2. The extraction, decoding, and presentation of data from a tag.
2. To follow a course of study at an educational institution or independently: Helene fully intends to read the classics when she goes to school next semester.
2. A wind instrument made of a hollowed piece of wood: Fern brought her new reed with her when she started her new position with the chamber group.
3. Part of the equipment needed when setting up a loom which is used to space the warp threads evenly: Elva's husband made the reed which she used when she was setting up her loom in anticipation of weaving a blanket.
Those who don't read have no advantage over those who can't.
The ancient Egyptian book Brandon read was written on papyrus which was made from a reed that grew near the river and one of the illustrations in the book showed a godlike figure playing on a reed instrument.
2. To have gained information through the perusal of information available in printed, written, or computer form: Frank read the entire list of words shown on the computer and realized that he didn't know all of the definitions.
3. To have reviewed something looking for potential errors: Timothy read the printer's proofs of his new book and was very pleased.
4. To have ordered or reprimanded severely: Greg's mother read the riot act to him because he refused to go to bed when she told him to do it earlier.
2. A term used to describe an economic or financial loss: The company was in the red last year and the possibility of a turnabout in the near future is minimal.
Madison read a large book with a red cover. It was an account of how the theater company wound up in the red because the management had not read the interests of the patrons correctly.
2. A large amount of digital information that can be stored and accessed, but it cannot be altered by the user.
3. An optical disk that is physically the same as an audio CD, but contains computer data.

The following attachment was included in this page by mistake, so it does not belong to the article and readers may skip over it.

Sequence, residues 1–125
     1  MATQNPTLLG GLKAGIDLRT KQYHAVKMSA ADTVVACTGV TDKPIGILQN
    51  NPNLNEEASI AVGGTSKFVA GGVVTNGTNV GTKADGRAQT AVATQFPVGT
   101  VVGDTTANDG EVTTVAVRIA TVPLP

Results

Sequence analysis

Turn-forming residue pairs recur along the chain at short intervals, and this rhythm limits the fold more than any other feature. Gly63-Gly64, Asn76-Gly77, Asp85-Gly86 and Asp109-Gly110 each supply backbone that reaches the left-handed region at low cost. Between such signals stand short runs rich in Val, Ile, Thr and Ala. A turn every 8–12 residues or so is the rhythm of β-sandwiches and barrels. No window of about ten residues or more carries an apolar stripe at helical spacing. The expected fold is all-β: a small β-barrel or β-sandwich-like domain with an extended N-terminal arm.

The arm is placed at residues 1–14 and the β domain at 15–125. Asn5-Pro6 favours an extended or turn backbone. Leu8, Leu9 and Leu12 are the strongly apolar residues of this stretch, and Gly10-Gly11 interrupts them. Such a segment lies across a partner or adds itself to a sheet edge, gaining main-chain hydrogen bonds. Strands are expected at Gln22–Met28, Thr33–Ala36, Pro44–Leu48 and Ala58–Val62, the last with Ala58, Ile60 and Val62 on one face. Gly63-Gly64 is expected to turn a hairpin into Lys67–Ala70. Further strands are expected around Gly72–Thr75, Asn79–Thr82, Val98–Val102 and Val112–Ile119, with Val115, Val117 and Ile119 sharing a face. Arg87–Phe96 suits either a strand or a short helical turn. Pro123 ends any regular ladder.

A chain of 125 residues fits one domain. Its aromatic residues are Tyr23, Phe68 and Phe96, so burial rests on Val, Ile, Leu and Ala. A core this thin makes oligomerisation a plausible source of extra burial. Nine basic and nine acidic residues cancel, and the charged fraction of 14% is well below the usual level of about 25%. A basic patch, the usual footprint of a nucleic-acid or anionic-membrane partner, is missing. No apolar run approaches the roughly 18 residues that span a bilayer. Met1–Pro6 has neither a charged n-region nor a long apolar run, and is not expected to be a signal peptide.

"Storage capacity is about 680 megabytes. CD-ROMs are interchangeable between different types of computers."
2. A read-only memory which can be reprogrammed electrically in the electric field for a limited number of times, after the entire memory is erased by applying an appropriate electric field.
3. A kind of non-volatile memory used in computers and other electronic devices in order to store small amounts of data that must be saved when the electric power is removed; for example, calibration tables or device configurations.
Usually bytes can be erased and reprogrammed individually.
RFID tags that use EEPROM are more expensive than factory programmed tags, where the number is written into the silicon when the chip is made, but they offer more flexibility because the end user can write an ID number to the tag at the time the tag is going to be used.2. A form of read-only memory which can be electrically erased and reprogrammed.
3. An integrated-circuit memory chip that has an internal switch to permit a user to erase the contents of the chip and to write new contents into it with electrical signals.
This takes place when a reader reports the presence of a tag that doesn't exist.
Active tags have a longer read range than passive tags because they use a battery to transmit signals to the reader.
With passive tags, the read range is influenced by frequency, reader output power, antenna design, and method of powering up the tag. Low frequency tags use inductive coupling, which requires the tag to be within a few feet of the reader.
The read rate can also mean the maximum rate at which data can be read from a tag expressed in bits or bytes per second.
2. Tags that can only be read because they were programmed at the factory.
These tags are often used on reusable containers and other assets.
When the contents of the container are changed, new information is written to the tag. Read-write tags are more expensive than read-only tags.
Information can be added or changed.